Local Riders Take Accident Scene Management Course For Motorcyclists

Participants in Sunday’s ‘Crash Course for the Motorcyclist’ learn a technique for moving an injured rider off the road for safety reasons. Photo by Maire O’Neill/losalamosreporter.com

Instructor Kris ‘Blinky’ Hinson discusses the contents of suggested trauma packs for riders to carry with them. Photo by Maire O’Neill/losalamosreporter.com

Attorneys Eva Blazejewski, right and Heather Hansen from the New Mexico Biker Lawyers, which is a division of Roadrunner Law Firm in Albuquerque, chat with class participants Sunday Photo by Maire O’Neill/losalamosreporter.com


More than 25 riders from Los Alamos County spent the day Sunday in a seven-hour Accident Scene Management class called “A Crash Course for the Motorcyclist” aimed at reducing the injuries and fatalities to motorcyclists. The class was taught by Kris “Blinky” Hinson, BSN, RN, a motorcyclist herself, who runs Riders to the Rescue and specializes in accident scene management. The event was coordinated by Richard Sturgeon, president of the Jemez Riders Riding Club and was held at the Elk’s Lodge.

National Highway Transportation Safety Administration statistics indicate that motorcyclists are about 27 times more likely than passenger car occupants to die in a motor vehicle traffic crash and five times more likely to be injured. Saturday’s class was not designed to teach motorcycle safety issues but instead focused on management of a crash scene. The class was sponsored by attorneys Eva Blazejewski and Heather Hansen from the New Mexico Biker Lawyers which is a division of Roadrunner Law Firm in Albuquerque.

The Los Alamos Reporter attended the first half of the course which addressed skills that would benefit anyone who arrived at the scene of a crash involving a cyclist or motorcyclist or even a pedestrian.  Participants first learned how to prevent further injury at the scene, which includes not hurting yourself while trying to help someone else, having someone take charge of the scene, moving uninvolved vehicles completely off the road, leaving room for emergency vehicles on either side of the crash,  making people and the crash site visible, and controlling traffic.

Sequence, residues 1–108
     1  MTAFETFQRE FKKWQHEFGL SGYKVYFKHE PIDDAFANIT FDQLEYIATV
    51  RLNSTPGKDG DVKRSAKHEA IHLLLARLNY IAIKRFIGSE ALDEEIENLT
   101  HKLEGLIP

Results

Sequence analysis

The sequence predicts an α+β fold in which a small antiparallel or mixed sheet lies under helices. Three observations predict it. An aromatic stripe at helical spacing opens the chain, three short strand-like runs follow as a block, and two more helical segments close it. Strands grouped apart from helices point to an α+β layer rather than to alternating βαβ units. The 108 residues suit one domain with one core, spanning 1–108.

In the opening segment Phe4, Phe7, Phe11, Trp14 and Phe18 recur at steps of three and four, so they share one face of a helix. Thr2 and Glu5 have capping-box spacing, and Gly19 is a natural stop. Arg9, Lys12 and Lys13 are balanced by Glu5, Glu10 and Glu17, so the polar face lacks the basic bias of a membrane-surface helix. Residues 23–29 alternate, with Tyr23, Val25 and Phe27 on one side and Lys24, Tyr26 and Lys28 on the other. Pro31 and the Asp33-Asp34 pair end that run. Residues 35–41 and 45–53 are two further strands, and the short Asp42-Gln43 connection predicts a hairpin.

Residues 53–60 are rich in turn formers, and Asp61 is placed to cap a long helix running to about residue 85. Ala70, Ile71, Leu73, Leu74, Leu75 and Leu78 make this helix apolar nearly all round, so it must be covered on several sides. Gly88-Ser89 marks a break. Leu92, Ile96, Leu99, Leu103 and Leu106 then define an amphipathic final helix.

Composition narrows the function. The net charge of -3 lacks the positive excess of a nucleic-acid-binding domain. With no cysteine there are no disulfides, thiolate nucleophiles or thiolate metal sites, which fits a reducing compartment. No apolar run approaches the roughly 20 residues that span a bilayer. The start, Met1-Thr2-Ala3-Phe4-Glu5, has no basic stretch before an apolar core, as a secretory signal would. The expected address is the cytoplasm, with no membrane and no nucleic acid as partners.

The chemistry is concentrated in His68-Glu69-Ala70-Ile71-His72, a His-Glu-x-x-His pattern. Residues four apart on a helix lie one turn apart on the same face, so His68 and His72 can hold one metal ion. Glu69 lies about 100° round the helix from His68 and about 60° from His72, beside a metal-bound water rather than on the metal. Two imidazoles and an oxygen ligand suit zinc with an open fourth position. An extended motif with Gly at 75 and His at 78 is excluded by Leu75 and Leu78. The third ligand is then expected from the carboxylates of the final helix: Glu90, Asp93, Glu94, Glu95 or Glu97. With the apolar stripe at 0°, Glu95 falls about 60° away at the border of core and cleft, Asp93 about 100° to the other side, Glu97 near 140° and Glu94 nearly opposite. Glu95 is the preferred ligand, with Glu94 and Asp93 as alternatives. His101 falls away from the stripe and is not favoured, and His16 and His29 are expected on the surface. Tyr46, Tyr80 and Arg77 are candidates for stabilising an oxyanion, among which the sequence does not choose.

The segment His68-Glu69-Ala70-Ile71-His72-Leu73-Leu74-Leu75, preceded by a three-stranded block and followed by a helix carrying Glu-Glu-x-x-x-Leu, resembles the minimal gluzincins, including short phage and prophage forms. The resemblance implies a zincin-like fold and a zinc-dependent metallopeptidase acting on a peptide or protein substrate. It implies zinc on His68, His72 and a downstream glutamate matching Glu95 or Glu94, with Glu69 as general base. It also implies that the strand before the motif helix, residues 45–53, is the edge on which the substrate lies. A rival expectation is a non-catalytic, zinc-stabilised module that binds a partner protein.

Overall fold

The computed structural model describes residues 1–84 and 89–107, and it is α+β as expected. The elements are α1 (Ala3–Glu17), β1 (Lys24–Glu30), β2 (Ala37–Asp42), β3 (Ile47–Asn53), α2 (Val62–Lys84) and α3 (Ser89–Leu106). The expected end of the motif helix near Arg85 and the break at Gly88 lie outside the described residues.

Practicalities like moving and handling the motorcycle and moving an injured person were discussed in depth along with extensive hands on activities related to keeping the head, neck and spine straight. Participants learned how to do a quick assessment of a crash scene, to determine potential injuries and their severity to pass that information to emergency medical services. They learned how to best communicate with the 911 dispatcher and gather information while waiting for help to arrive.

Treating the injured with life-sustaining care at the scene was a particularly important part of the course because many motorcycle crashes occur in more remote areas. The skills learned could be used in any traumatic situation and included ensuring that the airway is clear, performing a rapid head-to-toe assessment, checking for breathing, if necessary performing rescue breathing, checking for significant bleeding, assessing and treating the person for shock and assisting with spinal motion restriction.

Blazejewski  and Hansen discussed insurance and power of attorney issues with the group as well as the importance of having information such as vehicle identification number, license number, make and model of bike, vehicle insurance information, health insurance information, etc. in one place and making sure that someone other than the person you normally ride with has that information.

Participants received a certificate of completion and are now eligible to take Advanced Bystander Assistance within two years. It is strongly recommended to that they take CPR and a motorcycle safety course to round out their education.

Watch the Los Alamos Reporter for news of future offerings of the class in the Los Alamos area. To contact Riders to the Rescue, call (520) 370-1904. To contact New Mexico Bike Lawyers, call (505) 444-4321. For more information on the Jemez Riders, go to JemezRiders.com.

Toni Chiri pivots a classmate’s head to in line position during a scenario at Sunday’s class. Courtesy photo

Jemez Riders president Richard Sturgeon, who organized the event, chats with attorney Heather Hansen of Roadrunner Law Firm. Photo by Maire O’Neill/losalamosreporter.com

Harlow family members, from left, Linda, Bradley, Patrick and Cameron were in Sunday’s class. Courtesy photo

Participants get ready to slide an ‘rider’ during Sunday’s class. Photo by Maire O’Neill/losalamosreporter.com

Jemez Riders president Richard Sturgeon, left, chats with Ernst Esch, center, and his son Roland at Sunday’s class. Photo by Maire O’Neill/losalamosreporter.com